Man Sentenced to Life in Prison for Strangling Neighbor

By Trish Mehaffey, Reporter

Jerome Power is lead from the courtroom after being convicted of first degree murder Tuesday, Nov. 20, 2012 in Linn County District court in Cedar Rapids. Power was convicted in the strangulation death of his neighbor, 68-year-old neighbor Doris Bevins, in September of 2010. (Brian Ray/The Gazette-KCRG)

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By Aaron Hepker

CEDAR RAPIDS, Iowa — Jerome Power was sentenced to life in prison without parole after he told the judge he should have received a mistrial because they witnessed him pouring a cup of water on his attorney's head before the jury went out to deliberate his case.

Power, 50, of Cedar Rapids, was found guilty by a jury in November of first-degree murder for the strangulation death of his neighbor, Doris Bevins, 68, Sept. 19, 2010. The Linn County jury deliberated about a day and a half following the five day trial.

Power, who was wearing an electronic shock belt and shackled, was kept in the jury box and not seated next to his attorney Jason Dunn during the hearing. There also were five Linn County Sheriff deputies and a police sergeant in the courtroom because Power had written letters to 6th Judicial District Judge Fae Hoover-Grinde, the Linn County Attorney's Office and the clerk of court, stating disparaging and apparently threatening comments to his attorneys, the court and the prosecutor, and he also said he would not attend the hearing.

According to Iowa law, a defendant must be present for sentencing and the judge has discretion regarding restraint or control over a defendant in court.

Linn County Attorney Jerry Vander Sanden said there was no legal grounds for a new trial or mistrial.

"Mr. Power was clearly attempting to sabotage his trial and he shouldn't be allowed to profit from his behavior," Vander Sanden said.

Vander Sanden was referring to Power throwing the water on Steve Addington, his other attorney who wasn't present for the hearing.

Vander Sanden also asked the court to impose a no contact order to prevent Power from sending further letters or phone calls to his office and the staff attorneys, and for the defense attorneys. Power wrote numerous letters which were "malicious" and "vile" to his office.

Dunn declined to comment during the hearing.

Power, who remained calm during the hearing, said he never wrote any letters to Vander Sanden and said he should have received a mistrial because the jurors saw him pour the water on his attorney. He also claimed he had ineffective counsel.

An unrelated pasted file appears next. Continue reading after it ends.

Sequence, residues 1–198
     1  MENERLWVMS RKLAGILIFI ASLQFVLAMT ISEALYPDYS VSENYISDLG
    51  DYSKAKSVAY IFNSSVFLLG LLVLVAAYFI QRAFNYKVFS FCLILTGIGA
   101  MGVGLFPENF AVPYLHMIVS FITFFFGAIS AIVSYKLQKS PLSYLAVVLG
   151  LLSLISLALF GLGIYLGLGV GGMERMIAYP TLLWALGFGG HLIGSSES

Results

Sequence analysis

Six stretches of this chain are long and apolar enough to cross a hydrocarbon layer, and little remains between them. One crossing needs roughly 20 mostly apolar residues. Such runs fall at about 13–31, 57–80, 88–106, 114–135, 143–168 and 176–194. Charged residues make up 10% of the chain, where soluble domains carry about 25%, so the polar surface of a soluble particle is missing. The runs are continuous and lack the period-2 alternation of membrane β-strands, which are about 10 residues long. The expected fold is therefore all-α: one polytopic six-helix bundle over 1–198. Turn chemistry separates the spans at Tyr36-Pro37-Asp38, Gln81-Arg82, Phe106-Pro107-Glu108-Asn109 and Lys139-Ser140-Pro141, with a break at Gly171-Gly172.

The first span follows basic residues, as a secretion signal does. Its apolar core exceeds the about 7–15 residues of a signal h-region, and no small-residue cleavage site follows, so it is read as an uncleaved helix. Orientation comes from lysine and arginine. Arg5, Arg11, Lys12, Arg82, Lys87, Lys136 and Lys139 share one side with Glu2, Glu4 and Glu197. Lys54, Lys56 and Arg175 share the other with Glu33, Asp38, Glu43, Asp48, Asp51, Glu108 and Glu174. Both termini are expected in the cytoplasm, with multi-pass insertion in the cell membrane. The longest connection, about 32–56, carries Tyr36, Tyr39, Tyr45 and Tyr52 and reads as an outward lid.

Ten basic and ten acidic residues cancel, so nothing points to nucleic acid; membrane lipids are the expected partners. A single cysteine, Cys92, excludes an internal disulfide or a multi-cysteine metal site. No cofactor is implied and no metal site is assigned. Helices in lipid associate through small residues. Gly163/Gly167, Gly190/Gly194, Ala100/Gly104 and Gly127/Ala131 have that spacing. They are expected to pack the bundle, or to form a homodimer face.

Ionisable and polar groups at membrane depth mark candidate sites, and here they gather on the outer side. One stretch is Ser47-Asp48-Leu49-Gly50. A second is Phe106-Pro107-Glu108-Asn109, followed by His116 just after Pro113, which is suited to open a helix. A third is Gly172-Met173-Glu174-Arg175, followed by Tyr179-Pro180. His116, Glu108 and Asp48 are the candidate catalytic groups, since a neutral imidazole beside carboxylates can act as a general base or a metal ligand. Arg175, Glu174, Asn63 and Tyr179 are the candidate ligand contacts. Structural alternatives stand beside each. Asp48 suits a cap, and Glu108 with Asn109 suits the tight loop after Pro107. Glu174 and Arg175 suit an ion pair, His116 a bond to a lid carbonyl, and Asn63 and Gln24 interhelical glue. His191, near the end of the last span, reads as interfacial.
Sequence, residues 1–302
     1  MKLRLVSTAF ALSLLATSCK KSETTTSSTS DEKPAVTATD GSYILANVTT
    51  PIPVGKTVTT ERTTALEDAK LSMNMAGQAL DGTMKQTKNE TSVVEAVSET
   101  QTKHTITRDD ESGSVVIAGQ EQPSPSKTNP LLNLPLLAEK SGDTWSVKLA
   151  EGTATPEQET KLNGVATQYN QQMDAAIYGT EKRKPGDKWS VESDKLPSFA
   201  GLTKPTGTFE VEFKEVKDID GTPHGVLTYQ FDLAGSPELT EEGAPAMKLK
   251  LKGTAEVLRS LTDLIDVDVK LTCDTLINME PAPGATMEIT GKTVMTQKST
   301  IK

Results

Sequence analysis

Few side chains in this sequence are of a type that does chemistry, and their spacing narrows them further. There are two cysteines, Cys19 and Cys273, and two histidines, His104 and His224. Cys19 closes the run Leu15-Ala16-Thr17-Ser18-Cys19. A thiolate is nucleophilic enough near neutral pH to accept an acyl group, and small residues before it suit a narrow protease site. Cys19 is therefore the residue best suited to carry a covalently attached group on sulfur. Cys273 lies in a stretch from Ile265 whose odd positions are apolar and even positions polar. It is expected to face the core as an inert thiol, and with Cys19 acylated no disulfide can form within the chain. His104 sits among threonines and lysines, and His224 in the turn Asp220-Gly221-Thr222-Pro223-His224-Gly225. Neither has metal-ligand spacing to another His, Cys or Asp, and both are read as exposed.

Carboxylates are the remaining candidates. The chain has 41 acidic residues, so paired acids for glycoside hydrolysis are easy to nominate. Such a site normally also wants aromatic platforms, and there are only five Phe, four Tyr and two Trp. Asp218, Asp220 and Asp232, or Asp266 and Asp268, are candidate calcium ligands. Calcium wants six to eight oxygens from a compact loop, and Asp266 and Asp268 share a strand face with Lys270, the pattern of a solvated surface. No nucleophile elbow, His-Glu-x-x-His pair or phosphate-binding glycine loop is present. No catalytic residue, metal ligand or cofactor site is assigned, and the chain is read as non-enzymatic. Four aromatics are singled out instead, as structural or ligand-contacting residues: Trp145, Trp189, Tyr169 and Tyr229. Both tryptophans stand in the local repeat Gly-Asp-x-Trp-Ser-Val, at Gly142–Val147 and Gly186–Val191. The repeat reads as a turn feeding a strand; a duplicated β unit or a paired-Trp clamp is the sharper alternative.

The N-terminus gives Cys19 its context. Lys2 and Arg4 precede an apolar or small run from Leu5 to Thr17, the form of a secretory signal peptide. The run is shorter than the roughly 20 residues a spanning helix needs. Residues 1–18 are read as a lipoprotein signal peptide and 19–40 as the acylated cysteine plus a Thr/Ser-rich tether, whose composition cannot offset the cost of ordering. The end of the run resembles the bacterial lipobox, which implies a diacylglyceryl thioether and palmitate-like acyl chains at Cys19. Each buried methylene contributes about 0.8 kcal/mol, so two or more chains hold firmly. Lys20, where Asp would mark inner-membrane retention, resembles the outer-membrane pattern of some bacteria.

"I'm innocent of this crime and the county attorney is just thirsty to convict someone," Power said. "My attorney has nothing to say - that proves my point that he's ineffective."

Hoover-Grinde denied Power's motion for mistrial, saying the evidence at trial showed his was guilty of the crime beyond reasonable doubt.

"According to the law, a defendant may not profit from his behavior or acts (during trial)," Hoover-Grinde said. "The timing (of the water incident) was a scheme to get a new trial."

Hoover-Grinde also ordered Power to pay $150,000 in restitution to Bevins' estate and to reimburse $7,500 to the Iowa Crime Victim Compensation Program for funeral expenses.

Police responded to a 911 call from Phillip Bemer, Bevin's friend, saying he was on the phone with Bevins when he heard her screaming at someone to get out and then heard gurgling sounds before the call cut off.

Officers testified when they arrived, Bevins' door was dead bolted and after trying to kick the door in, they had to break a window to get inside. They found Power inside hiding by an entry door.

Bevins was found inside unconscious lying on the floor with pajama pants tightly tied around her neck, according to testimony. She died the next day. The cause of death was ligature strangulation.

Power testified during the trial that he didn't kill Bevins and blamed the crime on two other men.

Police testified the two other men Power accused were investigated and neither were ever suspects in this crime.
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